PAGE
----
While Thales, in its 2023 Cloud Security Study, found that well over a third (39%) of businesses experienced a data breach in their cloud environment last year versus 34% in 2021, organizations are increasingly caching sensitive data in multiple cloud environments.
In the report, based on a survey of 3,000 IT and security teams across 18 countries in EMEA, the Americas and Asia Pacific:
- Seventy-five percent of IT executives classified as sensitive more than 40% of their data stored in the cloud, compared to 49% this time last year.
- Thirty-eight percent of respondents said software as a service applications are the main target for hackers, followed by cloud-based storage (36%).
Multicloud causing operational complexity
The study shows how more companies are using more cloud service providers, tracking with the 35% growth in the number of reported providers in the market. The study authors noted that the average number of cloud infrastructure providers is now 2.3, and that more than three-quarters (79%) of this year’s respondents have more than one cloud provider (Figure A).
“With a larger number of platforms to secure, the opportunity for operational errors grows, increasing the attack surface with each error. Organizations either have to dedicate separate teams to specialize in each platform or expect their security teams to become well-versed in multiple platforms at the same time,” according to the study.
More sensitive data being stored in the cloud
The study reported that organizations are lifting more workloads and data into the cloud: The number of organizations that reported that 60% or more of their workloads are in the cloud increased from 23% to 27% year over year.
SEE: Read how IBM is boosting cloud data practice (TechRepublic)
The report polled respondents two ways about sensitive data in the cloud to determine how they are deploying their data and saw increases in both directions. The survey asked about:
- The percentage of an organization’s total sensitive data that is stored in the cloud.
- The percentage of all of the data an organization stores in the cloud that is sensitive.
It found that:
- In last year’s study, 52% of respondents said that more than 40% of their sensitive data was in the cloud. This year, that amount increased to 64%.
- The number of respondents who said that 40% or more of their data stored in the cloud is sensitive data, increased from 49% in last year’s study, to 75% this year.
Encryption is increasing, but slowly
In this year’s study, 22% of respondents said that over 60% of their sensitive data in the cloud is encrypted and 40% said over half of that cloud-based sensitive data is encrypted. Those numbers constitute an improvement from last year’s study, which reported that only 17% of respondents had said over half of their sensitive data in the cloud was encrypted. That said, only 2% said 100% of their sensitive data in the cloud is encrypted (Figure B).
Additionally, 62% of IT executives who responded to the survey said they have five or more key management systems, which Thales said constitutes increased complexity for securing sensitive data.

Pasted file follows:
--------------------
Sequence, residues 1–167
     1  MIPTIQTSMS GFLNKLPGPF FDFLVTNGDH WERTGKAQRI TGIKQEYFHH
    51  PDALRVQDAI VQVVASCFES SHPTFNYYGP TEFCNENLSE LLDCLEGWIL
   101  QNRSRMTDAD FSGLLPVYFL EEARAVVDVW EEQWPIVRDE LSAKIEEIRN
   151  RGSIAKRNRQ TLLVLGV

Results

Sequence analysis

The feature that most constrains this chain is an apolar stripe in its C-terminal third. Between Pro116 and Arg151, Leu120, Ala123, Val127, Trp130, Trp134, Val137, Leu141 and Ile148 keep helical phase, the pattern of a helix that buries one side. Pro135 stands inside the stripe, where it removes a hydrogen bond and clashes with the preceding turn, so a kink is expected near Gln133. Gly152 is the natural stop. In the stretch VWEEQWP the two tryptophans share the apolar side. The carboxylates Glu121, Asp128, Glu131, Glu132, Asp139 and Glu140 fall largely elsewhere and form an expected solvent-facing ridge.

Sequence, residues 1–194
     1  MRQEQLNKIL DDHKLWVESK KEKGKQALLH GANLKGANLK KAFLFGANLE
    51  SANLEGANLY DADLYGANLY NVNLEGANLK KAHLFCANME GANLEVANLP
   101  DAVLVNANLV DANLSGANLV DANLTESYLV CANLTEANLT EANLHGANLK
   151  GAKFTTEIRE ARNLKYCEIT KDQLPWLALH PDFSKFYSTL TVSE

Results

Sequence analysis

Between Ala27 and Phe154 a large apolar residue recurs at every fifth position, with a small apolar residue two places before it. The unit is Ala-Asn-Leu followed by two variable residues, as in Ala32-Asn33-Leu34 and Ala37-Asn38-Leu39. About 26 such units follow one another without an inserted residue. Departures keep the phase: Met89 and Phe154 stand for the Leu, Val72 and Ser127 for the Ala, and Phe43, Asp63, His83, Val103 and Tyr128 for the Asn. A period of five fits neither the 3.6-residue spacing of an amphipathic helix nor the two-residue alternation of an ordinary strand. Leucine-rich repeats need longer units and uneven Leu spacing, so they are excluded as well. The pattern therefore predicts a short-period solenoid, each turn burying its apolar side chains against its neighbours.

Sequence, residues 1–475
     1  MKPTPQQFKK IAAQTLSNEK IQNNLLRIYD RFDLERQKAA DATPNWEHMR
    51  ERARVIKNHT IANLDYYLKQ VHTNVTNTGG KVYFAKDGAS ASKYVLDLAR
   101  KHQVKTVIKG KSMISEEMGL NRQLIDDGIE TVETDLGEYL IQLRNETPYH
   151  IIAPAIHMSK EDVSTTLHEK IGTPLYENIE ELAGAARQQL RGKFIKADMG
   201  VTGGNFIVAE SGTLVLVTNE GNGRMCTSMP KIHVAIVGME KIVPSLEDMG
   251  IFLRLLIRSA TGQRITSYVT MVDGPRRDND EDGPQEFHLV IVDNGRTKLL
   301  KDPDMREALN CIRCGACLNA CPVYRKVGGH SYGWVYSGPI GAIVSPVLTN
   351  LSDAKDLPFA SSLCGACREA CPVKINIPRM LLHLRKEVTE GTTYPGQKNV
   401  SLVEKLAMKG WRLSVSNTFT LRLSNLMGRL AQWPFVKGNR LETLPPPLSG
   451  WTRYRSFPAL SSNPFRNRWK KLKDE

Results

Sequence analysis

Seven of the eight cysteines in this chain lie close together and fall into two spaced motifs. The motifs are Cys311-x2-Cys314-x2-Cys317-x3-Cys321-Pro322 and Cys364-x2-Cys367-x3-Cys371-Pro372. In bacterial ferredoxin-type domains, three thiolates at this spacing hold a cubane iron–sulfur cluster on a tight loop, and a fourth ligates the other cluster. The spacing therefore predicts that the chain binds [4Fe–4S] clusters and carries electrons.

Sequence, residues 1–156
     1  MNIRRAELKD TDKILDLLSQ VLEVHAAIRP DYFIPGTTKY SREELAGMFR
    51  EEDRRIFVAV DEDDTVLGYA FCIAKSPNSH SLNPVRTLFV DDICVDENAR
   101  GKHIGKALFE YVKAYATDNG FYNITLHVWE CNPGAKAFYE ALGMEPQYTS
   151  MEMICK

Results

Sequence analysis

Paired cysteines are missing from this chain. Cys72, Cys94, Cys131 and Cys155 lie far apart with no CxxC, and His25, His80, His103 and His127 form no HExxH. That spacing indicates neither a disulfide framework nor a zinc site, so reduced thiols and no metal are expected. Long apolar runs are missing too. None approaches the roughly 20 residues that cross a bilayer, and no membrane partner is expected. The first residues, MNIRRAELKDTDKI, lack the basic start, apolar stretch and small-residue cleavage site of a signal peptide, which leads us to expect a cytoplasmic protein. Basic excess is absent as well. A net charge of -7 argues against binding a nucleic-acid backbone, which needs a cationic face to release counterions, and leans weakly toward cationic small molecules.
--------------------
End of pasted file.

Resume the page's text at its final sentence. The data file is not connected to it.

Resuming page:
Software-as-a-service creating security challenges
Not only do most companies report having multiple cloud service providers, the rise in the use of SaaS apps is expanding the threat surface for data exfiltration:
- In the 2022 study, 16% of respondents reported their enterprises deployed 51-100 different SaaS applications.
- In this year’s study, that proportion grew to 22% of respondents, and 55% (versus 46% in the prior year) noted that managing data in the cloud is more complex than in on-premise environments.
- Additionally, 83% expressed concerns over data sovereignty, with 55% of respondents asserting that data privacy and compliance in the cloud has become more difficult.
The study included a ranking question on which attack targets are most likely to be attacked. SaaS was mentioned first by 38% of respondents, followed by cloud storage at 36% of those polled. Additionally, the study’s authors said the number of survey respondents reporting a data breach during the study period was up 4% from last year’s report — 35% to 39%.
Data breaches and human error
Over half (55%) of respondents to the survey said human error triggered cloud data breaches at their organizations, but only 41% of organizations have implemented zero-trust controls in their cloud infrastructure — only 38% use zero-trust protocols in their cloud networks. However, more companies are adopting authentication protocols for employees: 65% of respondents to Thales’ survey said they now deploy multifactor authentication.
SEE: Palo Alto Networks on differently about cloud security (TechRepublic)
“Organizations are operating in a dynamic multi-cloud landscape, demanding seamless and efficient security measures,” said Sebastien Cano, senior vice president for cloud protection and licensing activities at Thales.
“To overcome challenges arising from human error and misconfiguration, it is imperative that data protections in the cloud are simplified and easily manageable.” He said that the key to enhancing cloud security lies in treating cloud environments as an extension of existing infrastructure. “By adopting this approach, organizations can effectively bolster security and ensure comprehensive protection across the entire digital ecosystem.”
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